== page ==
Analysis of interaction in binary odorant mixtures

Research output: Contribution to journalArticle

66 Citations (Scopus)

Abstract

An understanding of the olfactory system of any animal must account for how odor mixtures are perceived and processed. The present experiments apply associationist models to the study of how elements are processed in binary odorant mixtures. Using experimental designs for Proboscis Extension Conditioning of honey bees, I show that learning about a pure odorant element is frequently affected by its occurrence in a mixture with a second odorant. Presence of a background odor when an odorant is associated with sucrose reinforcement decreases the rate and/or asymptotic level of associative strength that accumulates to that odorant. This interaction is in part due to synthetic qualities that arise in sensory transduction and initial processing. In addition, it involves an attention-like processing system like that involved in overshadowing. Therefore, a model that includes representations of the component and configural qualities of odorants in mixtures is needed to provide a more complete account of learning about odor mixtures. Copyright (C) 1998 Elsevier Science Inc.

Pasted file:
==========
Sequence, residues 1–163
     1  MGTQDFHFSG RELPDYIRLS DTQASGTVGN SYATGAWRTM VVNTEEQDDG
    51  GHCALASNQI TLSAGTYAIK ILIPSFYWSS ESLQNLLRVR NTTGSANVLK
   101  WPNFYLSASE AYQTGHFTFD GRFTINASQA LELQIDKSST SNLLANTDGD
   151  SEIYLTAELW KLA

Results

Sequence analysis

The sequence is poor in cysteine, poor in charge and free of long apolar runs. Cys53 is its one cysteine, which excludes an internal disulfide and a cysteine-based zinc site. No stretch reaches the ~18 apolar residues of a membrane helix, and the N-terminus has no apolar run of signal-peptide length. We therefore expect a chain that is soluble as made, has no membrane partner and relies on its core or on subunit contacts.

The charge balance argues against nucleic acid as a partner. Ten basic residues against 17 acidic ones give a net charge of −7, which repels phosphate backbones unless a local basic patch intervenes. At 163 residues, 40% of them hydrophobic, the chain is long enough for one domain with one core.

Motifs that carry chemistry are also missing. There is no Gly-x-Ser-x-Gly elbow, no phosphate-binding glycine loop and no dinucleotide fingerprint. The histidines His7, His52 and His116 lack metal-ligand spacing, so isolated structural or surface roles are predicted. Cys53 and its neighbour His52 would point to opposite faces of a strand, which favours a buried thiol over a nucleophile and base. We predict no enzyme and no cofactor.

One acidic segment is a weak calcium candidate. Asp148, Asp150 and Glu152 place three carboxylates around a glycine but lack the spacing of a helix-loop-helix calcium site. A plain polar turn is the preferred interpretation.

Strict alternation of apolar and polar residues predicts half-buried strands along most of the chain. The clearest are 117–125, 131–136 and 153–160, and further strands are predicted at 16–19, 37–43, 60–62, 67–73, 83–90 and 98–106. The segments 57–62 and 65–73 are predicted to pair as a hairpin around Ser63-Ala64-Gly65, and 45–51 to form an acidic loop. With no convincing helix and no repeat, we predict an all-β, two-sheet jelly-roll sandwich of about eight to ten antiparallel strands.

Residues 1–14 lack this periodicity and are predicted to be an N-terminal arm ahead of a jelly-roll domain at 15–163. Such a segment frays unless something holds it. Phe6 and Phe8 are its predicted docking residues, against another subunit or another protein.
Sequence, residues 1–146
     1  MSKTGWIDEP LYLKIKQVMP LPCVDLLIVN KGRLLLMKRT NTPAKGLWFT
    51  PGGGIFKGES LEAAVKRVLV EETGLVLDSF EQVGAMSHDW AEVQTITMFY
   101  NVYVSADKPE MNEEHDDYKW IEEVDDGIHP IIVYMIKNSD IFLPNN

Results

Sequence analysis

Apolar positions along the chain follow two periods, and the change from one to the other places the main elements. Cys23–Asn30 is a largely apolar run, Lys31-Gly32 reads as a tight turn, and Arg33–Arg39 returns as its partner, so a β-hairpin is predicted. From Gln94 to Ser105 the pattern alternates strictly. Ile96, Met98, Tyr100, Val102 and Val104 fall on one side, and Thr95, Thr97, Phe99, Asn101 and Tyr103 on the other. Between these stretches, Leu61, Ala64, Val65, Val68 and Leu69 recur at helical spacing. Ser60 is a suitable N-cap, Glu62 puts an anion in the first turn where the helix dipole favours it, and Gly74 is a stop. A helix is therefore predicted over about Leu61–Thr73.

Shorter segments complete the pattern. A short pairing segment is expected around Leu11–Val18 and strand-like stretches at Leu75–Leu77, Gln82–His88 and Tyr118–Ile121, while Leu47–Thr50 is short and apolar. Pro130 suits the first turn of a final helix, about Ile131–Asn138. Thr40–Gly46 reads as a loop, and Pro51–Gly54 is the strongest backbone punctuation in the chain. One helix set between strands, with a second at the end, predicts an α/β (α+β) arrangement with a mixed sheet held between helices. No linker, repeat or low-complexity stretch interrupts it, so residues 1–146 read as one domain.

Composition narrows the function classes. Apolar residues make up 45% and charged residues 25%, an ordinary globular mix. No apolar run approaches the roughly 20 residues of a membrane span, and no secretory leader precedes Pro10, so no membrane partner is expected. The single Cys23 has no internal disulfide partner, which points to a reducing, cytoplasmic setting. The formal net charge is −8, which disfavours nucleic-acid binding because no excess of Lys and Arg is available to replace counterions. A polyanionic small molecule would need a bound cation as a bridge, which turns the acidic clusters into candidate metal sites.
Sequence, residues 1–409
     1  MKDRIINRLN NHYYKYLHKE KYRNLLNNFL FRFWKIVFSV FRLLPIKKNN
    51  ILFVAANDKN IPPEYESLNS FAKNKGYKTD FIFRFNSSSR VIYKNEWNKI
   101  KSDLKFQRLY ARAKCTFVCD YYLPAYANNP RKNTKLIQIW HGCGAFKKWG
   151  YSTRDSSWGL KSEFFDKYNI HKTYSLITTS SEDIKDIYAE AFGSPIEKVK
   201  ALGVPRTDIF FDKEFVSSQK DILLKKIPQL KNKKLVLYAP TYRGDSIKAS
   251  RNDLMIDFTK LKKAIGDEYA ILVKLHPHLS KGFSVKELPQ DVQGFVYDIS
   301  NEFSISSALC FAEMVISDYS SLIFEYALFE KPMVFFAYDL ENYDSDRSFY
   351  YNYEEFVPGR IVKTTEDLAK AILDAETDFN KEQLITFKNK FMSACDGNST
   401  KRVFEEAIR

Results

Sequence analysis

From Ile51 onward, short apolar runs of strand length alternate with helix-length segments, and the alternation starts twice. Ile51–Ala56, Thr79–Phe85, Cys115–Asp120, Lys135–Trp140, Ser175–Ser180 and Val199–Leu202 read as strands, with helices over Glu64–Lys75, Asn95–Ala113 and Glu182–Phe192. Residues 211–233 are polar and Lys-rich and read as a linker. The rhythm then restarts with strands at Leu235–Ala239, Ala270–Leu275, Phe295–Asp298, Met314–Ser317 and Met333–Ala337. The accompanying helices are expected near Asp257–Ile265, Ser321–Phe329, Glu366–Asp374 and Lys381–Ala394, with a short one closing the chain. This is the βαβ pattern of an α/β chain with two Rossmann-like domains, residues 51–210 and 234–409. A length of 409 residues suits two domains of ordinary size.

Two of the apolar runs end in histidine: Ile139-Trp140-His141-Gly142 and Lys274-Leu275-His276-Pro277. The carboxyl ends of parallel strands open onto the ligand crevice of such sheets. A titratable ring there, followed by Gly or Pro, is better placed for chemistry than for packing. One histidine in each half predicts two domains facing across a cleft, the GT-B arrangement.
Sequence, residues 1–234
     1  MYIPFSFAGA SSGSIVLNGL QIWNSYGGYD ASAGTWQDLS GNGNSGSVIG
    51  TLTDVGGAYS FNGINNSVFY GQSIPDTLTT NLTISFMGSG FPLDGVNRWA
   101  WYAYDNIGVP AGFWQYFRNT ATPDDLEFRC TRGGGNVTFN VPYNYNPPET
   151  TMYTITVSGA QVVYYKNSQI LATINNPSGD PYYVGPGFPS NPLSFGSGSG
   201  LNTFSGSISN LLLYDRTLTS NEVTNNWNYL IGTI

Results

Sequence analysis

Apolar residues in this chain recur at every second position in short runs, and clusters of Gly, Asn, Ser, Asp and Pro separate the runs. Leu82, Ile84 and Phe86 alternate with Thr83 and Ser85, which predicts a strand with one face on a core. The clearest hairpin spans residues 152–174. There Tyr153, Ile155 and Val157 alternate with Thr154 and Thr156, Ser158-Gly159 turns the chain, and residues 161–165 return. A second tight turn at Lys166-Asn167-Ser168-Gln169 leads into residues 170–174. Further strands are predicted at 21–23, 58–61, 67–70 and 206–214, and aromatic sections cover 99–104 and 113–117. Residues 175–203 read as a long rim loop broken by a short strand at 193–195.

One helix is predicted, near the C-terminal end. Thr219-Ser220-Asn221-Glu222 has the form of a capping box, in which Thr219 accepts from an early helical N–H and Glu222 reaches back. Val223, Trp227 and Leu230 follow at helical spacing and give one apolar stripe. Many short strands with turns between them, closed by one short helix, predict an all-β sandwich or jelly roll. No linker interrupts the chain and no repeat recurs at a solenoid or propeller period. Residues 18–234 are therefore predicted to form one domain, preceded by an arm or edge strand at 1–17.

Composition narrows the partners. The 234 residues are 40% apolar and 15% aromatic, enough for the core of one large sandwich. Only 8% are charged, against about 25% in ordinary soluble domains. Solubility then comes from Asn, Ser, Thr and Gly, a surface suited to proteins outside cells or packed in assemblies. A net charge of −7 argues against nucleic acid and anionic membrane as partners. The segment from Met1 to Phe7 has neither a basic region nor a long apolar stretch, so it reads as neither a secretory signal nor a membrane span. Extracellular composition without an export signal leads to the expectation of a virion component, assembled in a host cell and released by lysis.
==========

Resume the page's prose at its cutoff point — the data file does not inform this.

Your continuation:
Original languageEnglish (US)
Pages (from-to)397-407
Number of pages11
JournalPhysiology and Behavior
Volume65
Issue number3
DOIs
StatePublished - Oct 1998
Externally publishedYes

Fingerprint

Learning
Odorants
Honey
Bees
Sucrose
Research Design
Reinforcement (Psychology)
Conditioning (Psychology)

Keywords

  • Honey bee
  • Odor mixtures
  • Overshadowing

ASJC Scopus subject areas

  • Behavioral Neuroscience
  • Physiology (medical)

Cite this

Analysis of interaction in binary odorant mixtures. / Smith, Brian.

In: Physiology and Behavior, Vol. 65, No. 3, 10.1998, p. 397-407.

Research output: Contribution to journalArticle

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